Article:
Even in a down housing market, the size of the average new house in the United States has not dropped much. In other words, the McMansion may not be dead yet.
Who says Americans have fallen out of love with McMansions? It’s true that the housing bust shaved a few square feet off the average size of new homes in the U.S. But new single-family homes built last year were still 49 percent bigger than those built in 1973, according to Census Bureau data. And it’s worth remembering that family sizes have shrunk over that period.
The peak size for new homes was an average of 2,521 square feet in 2007. By 2010 it was down to 2,392. That statistic fed into a slew of stories about the “new frugality.” A survey of builders conducted in December 2010 by the National Association of Home Builders predicted that the shrinkage would continue, with the average getting down to 2,152 by 2015.
But then a funny thing happened. In 2011, according to the Census Bureau, the average ticked up a bit, to 2,480 square feet.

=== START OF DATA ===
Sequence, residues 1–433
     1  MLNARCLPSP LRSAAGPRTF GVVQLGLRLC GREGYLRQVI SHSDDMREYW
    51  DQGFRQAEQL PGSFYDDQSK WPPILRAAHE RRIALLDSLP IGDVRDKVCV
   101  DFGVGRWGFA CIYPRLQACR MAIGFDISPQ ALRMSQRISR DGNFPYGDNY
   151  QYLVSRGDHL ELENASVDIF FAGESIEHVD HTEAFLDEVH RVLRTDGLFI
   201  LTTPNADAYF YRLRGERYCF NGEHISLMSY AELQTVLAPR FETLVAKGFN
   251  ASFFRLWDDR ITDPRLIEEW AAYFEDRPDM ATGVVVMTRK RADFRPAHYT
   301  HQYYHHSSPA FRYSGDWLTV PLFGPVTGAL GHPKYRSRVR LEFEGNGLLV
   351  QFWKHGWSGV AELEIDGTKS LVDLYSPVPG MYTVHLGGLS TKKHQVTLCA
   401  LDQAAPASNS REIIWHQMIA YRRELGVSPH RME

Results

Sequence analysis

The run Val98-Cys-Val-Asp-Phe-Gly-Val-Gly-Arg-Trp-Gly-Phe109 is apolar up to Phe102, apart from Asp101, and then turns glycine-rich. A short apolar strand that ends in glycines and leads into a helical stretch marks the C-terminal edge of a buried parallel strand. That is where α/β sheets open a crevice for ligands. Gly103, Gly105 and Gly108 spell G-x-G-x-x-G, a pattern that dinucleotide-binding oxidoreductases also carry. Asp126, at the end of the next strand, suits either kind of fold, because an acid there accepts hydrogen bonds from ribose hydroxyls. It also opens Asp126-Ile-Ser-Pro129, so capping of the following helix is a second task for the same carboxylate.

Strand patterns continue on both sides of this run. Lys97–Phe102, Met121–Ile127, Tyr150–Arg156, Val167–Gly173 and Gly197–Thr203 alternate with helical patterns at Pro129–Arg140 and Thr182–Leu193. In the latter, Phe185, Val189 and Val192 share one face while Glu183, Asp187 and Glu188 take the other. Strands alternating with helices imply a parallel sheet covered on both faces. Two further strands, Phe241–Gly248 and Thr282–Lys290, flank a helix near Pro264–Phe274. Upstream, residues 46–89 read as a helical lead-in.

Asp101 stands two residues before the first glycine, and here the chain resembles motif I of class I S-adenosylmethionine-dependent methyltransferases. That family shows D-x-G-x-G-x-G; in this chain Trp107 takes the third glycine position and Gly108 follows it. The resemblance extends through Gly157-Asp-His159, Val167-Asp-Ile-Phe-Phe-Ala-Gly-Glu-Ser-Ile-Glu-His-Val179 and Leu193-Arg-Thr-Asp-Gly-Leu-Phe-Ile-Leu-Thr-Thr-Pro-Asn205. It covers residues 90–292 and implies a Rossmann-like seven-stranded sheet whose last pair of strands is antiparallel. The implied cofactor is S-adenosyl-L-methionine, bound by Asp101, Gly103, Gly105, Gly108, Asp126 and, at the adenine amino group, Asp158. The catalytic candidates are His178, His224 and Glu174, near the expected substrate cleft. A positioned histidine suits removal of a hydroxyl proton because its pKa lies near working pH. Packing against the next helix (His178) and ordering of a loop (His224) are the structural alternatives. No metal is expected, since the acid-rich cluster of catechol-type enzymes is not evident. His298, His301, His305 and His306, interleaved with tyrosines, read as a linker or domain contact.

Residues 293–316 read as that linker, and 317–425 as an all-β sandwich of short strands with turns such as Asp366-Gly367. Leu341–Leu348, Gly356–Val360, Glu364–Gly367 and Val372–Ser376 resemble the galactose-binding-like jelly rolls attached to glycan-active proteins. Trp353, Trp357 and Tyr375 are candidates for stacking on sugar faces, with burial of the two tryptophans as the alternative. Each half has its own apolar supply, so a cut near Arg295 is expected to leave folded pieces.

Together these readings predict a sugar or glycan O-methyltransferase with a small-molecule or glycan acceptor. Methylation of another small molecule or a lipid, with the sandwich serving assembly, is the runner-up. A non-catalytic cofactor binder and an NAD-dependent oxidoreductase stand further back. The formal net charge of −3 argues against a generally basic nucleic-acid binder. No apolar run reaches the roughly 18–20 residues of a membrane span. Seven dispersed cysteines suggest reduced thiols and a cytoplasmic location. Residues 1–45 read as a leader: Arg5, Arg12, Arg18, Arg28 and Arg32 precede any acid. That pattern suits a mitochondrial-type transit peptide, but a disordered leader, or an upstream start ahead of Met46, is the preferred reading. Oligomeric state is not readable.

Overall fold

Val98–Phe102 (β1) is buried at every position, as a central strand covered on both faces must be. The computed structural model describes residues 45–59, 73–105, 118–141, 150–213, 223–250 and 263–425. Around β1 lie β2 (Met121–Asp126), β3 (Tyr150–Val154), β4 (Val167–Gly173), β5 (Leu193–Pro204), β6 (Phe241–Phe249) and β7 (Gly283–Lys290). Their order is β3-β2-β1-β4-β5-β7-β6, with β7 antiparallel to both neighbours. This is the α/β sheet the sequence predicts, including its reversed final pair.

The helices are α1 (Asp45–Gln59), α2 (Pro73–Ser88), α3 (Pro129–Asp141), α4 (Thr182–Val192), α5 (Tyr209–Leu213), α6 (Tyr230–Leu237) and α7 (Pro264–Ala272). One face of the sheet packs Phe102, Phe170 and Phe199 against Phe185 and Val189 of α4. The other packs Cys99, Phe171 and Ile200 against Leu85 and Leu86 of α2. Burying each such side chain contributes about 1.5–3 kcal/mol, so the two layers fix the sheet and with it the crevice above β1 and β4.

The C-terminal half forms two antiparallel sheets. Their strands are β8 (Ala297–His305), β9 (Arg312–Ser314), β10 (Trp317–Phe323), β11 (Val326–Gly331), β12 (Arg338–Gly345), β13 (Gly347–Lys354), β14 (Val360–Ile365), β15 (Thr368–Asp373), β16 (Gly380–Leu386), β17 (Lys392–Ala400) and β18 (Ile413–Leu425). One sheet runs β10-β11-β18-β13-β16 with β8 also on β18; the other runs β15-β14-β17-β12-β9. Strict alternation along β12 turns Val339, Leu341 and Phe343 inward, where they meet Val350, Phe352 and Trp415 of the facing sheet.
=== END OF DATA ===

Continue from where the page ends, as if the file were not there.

That’s partly because mortgages were so hard to get that only the well-to-do, who buy bigger houses, were able to buy new homes in 2011, according to Stephen Melman, the director of economic services for the National Association of Home Builders. But it could also be that the “new frugality” story was somewhat oversold.
A couple of thoughts:
1. This is why it helps to wait and have two kinds of data before making definitive pronouncements: longer-term data as well as a variety of housing measures. Year to year figures tell us something but we should be interested in larger trends. Additionally, if houses are about the same size but there are a lot fewer being built, this tells us something as well. Sometimes, trends are hard to see while we are in them.
2. Even if the size of new houses hasn’t dropped much, it could be that these new large homes look less like McMansions. The common definition of McMansion includes several factors: a large house (perhaps in a teardown setting) that is architecturally deficient and also tied to other concepts like sprawl and overconsumption. What if more of these new large houses are green? What if they are designed by architects and built to last?